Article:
3. Interrogatives in the leading paragraph and the body of a newspaper article
3.1. The headline — lead connection
The leading paragraph (known as ‘lead’ or ‘intro’) in a newspaper article is the second most important part of the article (after the headline), whose aim is to further maintain audience attention and convey the most important aspects of message or argument. This is where the so-called ‘famous Ws — who, what, where, when and why’ find their brief answers, and where the key events are first mentioned [Keeble 2006]. The lead is closely linked to the headline and usually elaborates or disambiguates its meaning, as can be seen in the following example, in which the interrogative headline — COVID-19: Is the coronavirus an expression of God’s wrath? is expanded in the following lead: Is the coronavirus an expression of God’s wrath, a punishment for our sins or, as some of us believers like to think, merely another sign that He is testing us? I’ll address later the godless anthem that insists this epidemic is about nature healing itself, because matters of God are urgent and they might be getting us killed at the moment. (New York Times, 18/04/20). The lead can also clarify the question in the headline,by providing more details first, and then expand the question further. In the lead of the article from The Times (15/04/20), entitled How will the UK lockdown end? Seven ways rules could be lifted, the initial clarification that there is a plan to end the lockdown is followed by another complex interrogative structure containing more detailed questions: Sir Keir Starmer, the Labour leader, has called on the government to publish a road map setting out how it intends to ease the coronavirus lockdown. In Whitehall, a team of officials are creating just such a phased plan, which will remain behind closed doors until it is signed off by ministers. But what would such a plan look like, what are the risks and benefits — and what kind of public health measures would need to run alongside it?
3.2. Interrogatives in structuring the news article body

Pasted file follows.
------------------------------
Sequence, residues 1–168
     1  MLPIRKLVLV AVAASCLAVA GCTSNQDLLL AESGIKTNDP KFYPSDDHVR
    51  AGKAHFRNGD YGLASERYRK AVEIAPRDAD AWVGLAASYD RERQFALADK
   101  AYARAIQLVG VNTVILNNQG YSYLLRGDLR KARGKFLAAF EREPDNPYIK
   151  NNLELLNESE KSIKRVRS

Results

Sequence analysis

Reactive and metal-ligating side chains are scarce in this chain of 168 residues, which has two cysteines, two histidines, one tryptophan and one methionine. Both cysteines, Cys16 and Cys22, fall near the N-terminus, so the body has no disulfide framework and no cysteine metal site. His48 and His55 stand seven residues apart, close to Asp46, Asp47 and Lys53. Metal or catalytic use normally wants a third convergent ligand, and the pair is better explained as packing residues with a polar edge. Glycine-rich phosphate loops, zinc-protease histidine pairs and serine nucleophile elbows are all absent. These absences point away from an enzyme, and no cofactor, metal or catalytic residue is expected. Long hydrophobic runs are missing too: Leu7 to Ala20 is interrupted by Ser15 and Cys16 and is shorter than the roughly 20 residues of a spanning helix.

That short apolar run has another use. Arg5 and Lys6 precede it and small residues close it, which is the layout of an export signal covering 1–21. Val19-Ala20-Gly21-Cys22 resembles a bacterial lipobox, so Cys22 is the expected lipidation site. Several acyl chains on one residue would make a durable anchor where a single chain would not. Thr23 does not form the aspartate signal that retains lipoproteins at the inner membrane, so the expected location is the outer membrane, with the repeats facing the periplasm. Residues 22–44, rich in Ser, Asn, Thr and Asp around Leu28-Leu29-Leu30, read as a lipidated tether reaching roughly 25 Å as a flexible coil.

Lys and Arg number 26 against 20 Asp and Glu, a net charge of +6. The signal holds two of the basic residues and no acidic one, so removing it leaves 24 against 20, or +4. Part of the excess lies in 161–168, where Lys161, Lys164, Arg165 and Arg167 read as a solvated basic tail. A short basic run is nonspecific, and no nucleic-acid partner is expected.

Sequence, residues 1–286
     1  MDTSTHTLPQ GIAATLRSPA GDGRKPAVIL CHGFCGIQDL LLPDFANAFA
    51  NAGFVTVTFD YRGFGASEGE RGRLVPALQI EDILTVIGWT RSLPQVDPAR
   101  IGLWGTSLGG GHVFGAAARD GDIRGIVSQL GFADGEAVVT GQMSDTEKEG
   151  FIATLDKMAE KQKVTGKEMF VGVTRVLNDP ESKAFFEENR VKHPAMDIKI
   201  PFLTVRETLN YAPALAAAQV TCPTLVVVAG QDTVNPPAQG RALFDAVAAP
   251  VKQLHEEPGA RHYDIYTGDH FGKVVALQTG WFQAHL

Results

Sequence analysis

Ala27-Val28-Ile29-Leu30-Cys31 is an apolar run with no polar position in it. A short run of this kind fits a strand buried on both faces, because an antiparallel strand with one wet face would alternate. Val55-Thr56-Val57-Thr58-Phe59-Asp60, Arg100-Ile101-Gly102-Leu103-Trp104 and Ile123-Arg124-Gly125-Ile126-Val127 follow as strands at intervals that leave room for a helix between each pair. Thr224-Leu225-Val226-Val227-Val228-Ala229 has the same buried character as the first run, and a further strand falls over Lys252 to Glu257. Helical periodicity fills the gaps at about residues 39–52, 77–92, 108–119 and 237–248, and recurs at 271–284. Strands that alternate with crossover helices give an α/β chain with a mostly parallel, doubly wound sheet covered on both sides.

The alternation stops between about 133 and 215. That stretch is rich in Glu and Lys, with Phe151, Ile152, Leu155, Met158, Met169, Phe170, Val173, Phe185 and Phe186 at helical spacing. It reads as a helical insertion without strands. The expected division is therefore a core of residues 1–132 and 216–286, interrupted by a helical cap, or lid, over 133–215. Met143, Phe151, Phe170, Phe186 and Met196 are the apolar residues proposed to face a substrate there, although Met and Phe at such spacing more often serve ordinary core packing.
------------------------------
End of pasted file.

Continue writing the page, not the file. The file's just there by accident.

The headline can be expanded or clarified in the sub-heading (if one is present), which serves as a bridge to the lead, and then to the main body, as in the article from The Guardian (4/04/20). The article is entitled How long does coronavirus live on different surfaces? The sub-heading contextualizes and elaborates on the meaning of the headline, and the question in its second part specifies the scope of the information sought: Coronavirus RNA was found on a cruise ship 17 days after passengers left. What are the risks of handling packages and groceries? This confirms the observations made by Lyutaya [Lyutaya 2008] that sub-headings are often more explicit and informative than headlines, and are linearly extended to further develop the structure of the article’s main body. The lead contains an extremely long clause complex ending with an open interrogative: More people are staying indoors to avoid contact with people potentially infected by Covid-19. But in light of a recent report from the US’s Centers for Disease Control and Prevention (CDC) that said RNA from the virus that causes Covid-19 was found in the Diamond Princess ship 17 days after its passengers had left, what are the risks of handling packages, groceries and what scientists call “high-touch” surfaces? Thus, the lead expands the message first introduced in the headline and then clarified in the sub-heading, by a chain of details which outline the context of the problem — the report about finding virus traces on the ship. The article body is constructed as a sequence of seven questions to experts and their answers. Since the context has already been established by the headline — sub-heading — lead expansion, the questions in the body are short and straightforward, and present a balanced mix of closed and open interrogatives whose pragmatic role is to signpost and structure the elicited factual information. As a rule, articles structured as imaginary dialogues between the writer and the audience, as it is in the example above, contain a larger number of interrogatives. In argumentative texts, such as editorials, there are fewer questions, and their role is mainly to support author’s argumentation by appealing to readers and making them think about issues raised by the questions. An example of such use of interrogatives can be seen in following article in The Guardian (29/03/20), entitled Coronavirus means we really are, finally, all in this together. The journalist levels his criticism at the inhuman rhetoric of politicians which creates negative attitudes and prejudice to unemployed people in the present difficult situation. The author raises his questions near the end of the article: If millions of people are suddenly staring into the most uncertain future imaginable, and 500,000 people are suddenly applying for universal credit, will those ideas survive? Put another way, what will happen to the beliefs and prejudices that have defined so much of the last 10 to 15 years, encouraged by politicians chasing votes: mutual suspicion, a manic belief in “personal responsibility”, and the very British tendency to focus your furies on the people down the street? Both questions are complex hypotactic constructions the first part of which summarises the context of the discussion (signaled in the first sentence by anaphoric reference — those ideas). In the context of the author’s argumentation the questions are perceived as rhetorical rather than genuine, which accentuates the concern and pessimism in his position. To sum up, in our data the use of interrogatives in article body is related to: structuring the story as a direct dialogue with the audience, thus reducing the effects of vicarious communication; making author’s narrative or argumentation more emphatic; soliciting feedback and empathy from the audience, and urging audience to think about the issues discussed in the text.